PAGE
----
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Report: Trevor Siemian’s shoulder injury is ‘as bad as you get’

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Jay Glazer had the “scoopage” on Fox NFL Sunday’s pregame show.

Denver Broncos and Tampa Bay Buccaneers Photo by Joseph Garnett Jr. /Getty Images

Jay Glazer is known for “scoopage.” The NFL insider for Fox certainly had it on Sunday.

Glazer reported that Trevor Siemian suffered a significant injury to his non-throwing shoulder. Siemian took a brutal hit from Clinton McDonald last Sunday against the Tampa Bay Buccaneers and was carted off the field.

“He actually has a Grade 3 separation of his non-throwing shoulder,” Glazer said on Fox NFL Sunday. “Grade 3 is as bad as you get. Basically the clavicle has separated from the shoulder. Its pressing against the skin. It’s a really bad pain management issue. It’s something that cosmetically it’s gonna be there pretty much for the rest of his life. It’s his non-throwing shoulder so they look for him to be back probably not next week (Thursday against the San Diego Chargers) but the week after that.”

Siemian did practice this week but it was apparent he was laboring for most of his throws. According to Glazer, we now know why. Siemian was also listed as questionable on the final injury report. Multiple outlets have said he will not be active for today’s game against the Atlanta Falcons. That means Austin Davis is the backup to Paxton Lynch, who makes his first career start.

So what does a Grade 3 separation mean - in terms of the injury and recovery time?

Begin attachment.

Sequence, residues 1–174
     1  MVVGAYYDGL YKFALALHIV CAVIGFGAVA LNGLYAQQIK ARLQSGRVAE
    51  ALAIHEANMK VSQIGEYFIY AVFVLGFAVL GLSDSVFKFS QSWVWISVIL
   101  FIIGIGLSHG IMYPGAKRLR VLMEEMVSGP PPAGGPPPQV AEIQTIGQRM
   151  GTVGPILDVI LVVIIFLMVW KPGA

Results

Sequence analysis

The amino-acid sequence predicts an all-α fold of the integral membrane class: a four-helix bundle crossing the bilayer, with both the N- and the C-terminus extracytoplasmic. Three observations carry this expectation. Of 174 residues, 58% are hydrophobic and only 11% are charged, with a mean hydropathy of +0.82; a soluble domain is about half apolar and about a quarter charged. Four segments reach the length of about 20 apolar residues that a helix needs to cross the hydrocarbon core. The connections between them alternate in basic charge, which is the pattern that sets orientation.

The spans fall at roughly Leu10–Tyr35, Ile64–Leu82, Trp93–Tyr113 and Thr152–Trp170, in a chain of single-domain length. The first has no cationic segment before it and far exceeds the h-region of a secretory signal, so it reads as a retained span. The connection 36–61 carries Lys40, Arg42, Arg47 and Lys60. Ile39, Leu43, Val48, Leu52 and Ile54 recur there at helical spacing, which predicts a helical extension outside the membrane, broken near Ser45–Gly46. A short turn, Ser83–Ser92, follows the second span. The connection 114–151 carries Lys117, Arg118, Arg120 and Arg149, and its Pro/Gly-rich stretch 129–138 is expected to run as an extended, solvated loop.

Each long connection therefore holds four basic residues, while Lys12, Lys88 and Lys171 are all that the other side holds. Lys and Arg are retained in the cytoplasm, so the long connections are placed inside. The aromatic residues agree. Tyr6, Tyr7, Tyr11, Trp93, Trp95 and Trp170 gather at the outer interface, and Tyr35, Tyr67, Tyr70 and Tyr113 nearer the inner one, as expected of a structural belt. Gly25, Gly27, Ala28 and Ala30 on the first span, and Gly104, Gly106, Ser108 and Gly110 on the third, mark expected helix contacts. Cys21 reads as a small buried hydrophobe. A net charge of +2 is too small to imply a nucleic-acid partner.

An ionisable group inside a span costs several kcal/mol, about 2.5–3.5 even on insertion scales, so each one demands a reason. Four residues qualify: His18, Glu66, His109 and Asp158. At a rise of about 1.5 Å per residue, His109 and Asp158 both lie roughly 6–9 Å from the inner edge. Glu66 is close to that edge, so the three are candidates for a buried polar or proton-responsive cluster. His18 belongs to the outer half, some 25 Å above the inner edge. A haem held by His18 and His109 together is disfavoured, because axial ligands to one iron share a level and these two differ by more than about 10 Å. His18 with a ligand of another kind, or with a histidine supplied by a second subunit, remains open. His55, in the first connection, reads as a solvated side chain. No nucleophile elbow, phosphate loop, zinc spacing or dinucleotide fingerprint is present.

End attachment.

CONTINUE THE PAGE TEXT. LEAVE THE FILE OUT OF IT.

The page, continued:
As I laid out earlier this week before we knew the severity, the injury to Siemian’s left arm is known as a separated shoulder. As orthoinfo.aaos.org says, “A shoulder separation is not truly an injury to the shoulder joint. The injury actually involves the acromioclavicular joint. The AC joint is where the collarbone (clavicle) meets the highest joint of the shoulder blade.”

The website Cedars-Sinai does a great job of laying out what a Grade III separation entails.

In terms of what the injury means: “Grade 3 AC joint separation is a complete separation of the joint, which is clear to see. Both sets of ligaments are torn as well as the capsule that surrounds the joint. Because there's no support to the joint left, the shoulder falls with the weight of the arm. The shoulder blade is pushed up making a bump on the shoulder.”

In terms of the recovery, as Siemian has been working with this week, according to Cedars-Sinai: “People with Grade 1 and 2 AC joint separations and most people with Grade 3 separations will be started on conservative medical treatment. This includes ice to reduce pain and swelling, rest and keeping the arm in a sling for up to two weeks. Non-steroidal anti-inflammatory drugs may be helpful for reducing pain and swelling. Physical therapy or a rehabilitation program will begin as soon as healing permits.”

The website doesn’t rule out those who suffer a Grade 3 separation needing surgery.

“Anyone who has a Grade 4 through 6 separation and some people with Grade 3 separations mostly likely will need surgery. Surgery is also an option if conservative medical care doesn't bring significant improvement.”

As is the case with injuries, time will tell all with Siemian. When it comes to severity and possible recovery time.